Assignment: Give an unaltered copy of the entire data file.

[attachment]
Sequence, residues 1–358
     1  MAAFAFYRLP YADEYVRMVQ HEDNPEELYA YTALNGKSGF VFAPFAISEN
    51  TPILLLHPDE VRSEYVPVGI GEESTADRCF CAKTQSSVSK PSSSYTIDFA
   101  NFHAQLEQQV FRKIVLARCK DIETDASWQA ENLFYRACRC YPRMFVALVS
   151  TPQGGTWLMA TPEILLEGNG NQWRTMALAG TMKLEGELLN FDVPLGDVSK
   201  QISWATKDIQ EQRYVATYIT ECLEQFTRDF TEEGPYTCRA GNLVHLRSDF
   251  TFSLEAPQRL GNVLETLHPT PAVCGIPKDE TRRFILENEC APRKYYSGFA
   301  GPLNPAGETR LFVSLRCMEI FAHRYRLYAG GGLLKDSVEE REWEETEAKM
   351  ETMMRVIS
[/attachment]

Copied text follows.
Sequence, residues 1–358
     1  MAAFAFYRLP YADEYVRMVQ HEDNPEELYA YTALNGKSGF VFAPFAISEN
    51  TPILLLHPDE VRSEYVPVGI GEESTADRCF CAKTQSSVSK PSSSYTIDFA
   101  NFHAQLEQQV FRKIVLARCK DIETDASWQA ENLFYRACRC YPRMFVALVS
   151  TPQGGTWLMA TPEILLEGNG NQWRTMALAG TMKLEGELLN FDVPLGDVSK
   201  QISWATKDIQ EQRYVATYIT ECLEQFTRDF TEEGPYTCRA GNLVHLRSDF
   251  TFSLEAPQRL GNVLETLHPT PAVCGIPKDE TRRFILENEC APRKYYSGFA
   301  GPLNPAGETR LFVSLRCMEI FAHRYRLYAG GGLLKDSVEE REWEETEAKM
   351  ETMMRVIS